If there is one thought every design entrepreneur shares, it is this: "I often find product categories where I can't find an offering that meets my standards for function/design/quality/cost." This then drives them to see if they can do better by producing and selling their own design.
In the case of Michigan-based inventor, Eric Steckling, who penned the sentence above, this had to do with cast-iron skillets. While they're a mainstay in many a kitchen, their production method is the same as that used in the 19th Century: Sand casting. This produces rough-surfaced, chunky objects that are heavy. Steckling and his company, Marquette Castings, reckoned they could get the weight down while maintaining iron's heat-retaining properties. "Reducing the weight of the cookware was one of our main design goals," they write. "Lighter cookware is easier to handle and clean."
Thus they turned to investment casting, using injection-molded wax blanks within ceramic shells to cast 8" and 10" pans.
Left: Cast handle detail. Middle: Injection molded wax pattern. Right: Aluminum mold to make pattern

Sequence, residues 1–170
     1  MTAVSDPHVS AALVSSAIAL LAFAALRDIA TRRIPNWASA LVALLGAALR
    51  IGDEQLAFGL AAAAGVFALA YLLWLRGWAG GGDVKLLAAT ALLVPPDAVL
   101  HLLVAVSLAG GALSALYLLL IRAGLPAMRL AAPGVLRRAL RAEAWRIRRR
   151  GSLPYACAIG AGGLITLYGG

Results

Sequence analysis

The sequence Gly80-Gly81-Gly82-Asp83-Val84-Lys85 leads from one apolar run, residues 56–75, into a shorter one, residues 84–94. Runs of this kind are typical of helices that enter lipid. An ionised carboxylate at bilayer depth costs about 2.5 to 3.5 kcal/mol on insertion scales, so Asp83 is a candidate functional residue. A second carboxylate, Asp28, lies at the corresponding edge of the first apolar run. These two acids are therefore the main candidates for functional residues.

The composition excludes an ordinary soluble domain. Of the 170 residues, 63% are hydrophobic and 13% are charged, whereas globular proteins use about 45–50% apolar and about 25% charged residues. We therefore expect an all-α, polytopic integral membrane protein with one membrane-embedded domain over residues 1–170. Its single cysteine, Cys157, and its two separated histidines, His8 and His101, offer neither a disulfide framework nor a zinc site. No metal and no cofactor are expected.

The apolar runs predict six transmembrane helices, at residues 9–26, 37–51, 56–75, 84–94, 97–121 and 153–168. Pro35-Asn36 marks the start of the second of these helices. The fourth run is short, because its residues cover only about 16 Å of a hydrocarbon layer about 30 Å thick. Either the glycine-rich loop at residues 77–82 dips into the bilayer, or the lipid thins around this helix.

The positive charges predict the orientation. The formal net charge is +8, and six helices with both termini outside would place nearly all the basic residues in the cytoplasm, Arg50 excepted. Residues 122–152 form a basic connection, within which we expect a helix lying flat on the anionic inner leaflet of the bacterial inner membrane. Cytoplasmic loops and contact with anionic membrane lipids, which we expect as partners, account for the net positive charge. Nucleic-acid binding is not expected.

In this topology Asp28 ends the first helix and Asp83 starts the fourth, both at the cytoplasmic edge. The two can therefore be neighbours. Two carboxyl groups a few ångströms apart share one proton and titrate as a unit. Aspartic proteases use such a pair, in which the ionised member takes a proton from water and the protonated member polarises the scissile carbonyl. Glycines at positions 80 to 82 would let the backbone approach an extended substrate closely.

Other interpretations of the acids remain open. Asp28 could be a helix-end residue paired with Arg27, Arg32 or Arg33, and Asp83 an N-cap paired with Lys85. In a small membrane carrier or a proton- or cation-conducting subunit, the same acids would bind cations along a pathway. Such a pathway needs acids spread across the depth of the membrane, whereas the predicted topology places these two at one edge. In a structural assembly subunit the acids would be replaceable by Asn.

Ceramic shell around wax template
Ceramic shell coming off new casting
With this production method, they're able to achieve both thinner wall thicknesses (3mm versus the typical 5mm) and a smoother finish that better accepts seasoning.
Left: Old-school. Right: New-school.
Investment casting a larger-diameter pan wasn't viable, however, so for their 12" model they stuck with sand casting but then milled the thicknesses down.
At press time they were about 25% of the way there, with $7,352 pledged towards a $30,000 goal and 27 days left to pledge. Intriguingly, they're not only offering early bird specials at lower prices, but also "late bird" specials for even less, for buyers who are willing to wait for later production runs. For example:
- 8" Skillet - Early Bird - $98 - Ships Jan. 2017 - 8" Skillet - Standard - $90 - Ships Feb. 2017 - 8" Skillet - Late Bird - $80 - Ships Mar. 2017
You can learn more about the pans, and see videos on both their casting processes and pre-seasoning techniques, at their campaign page.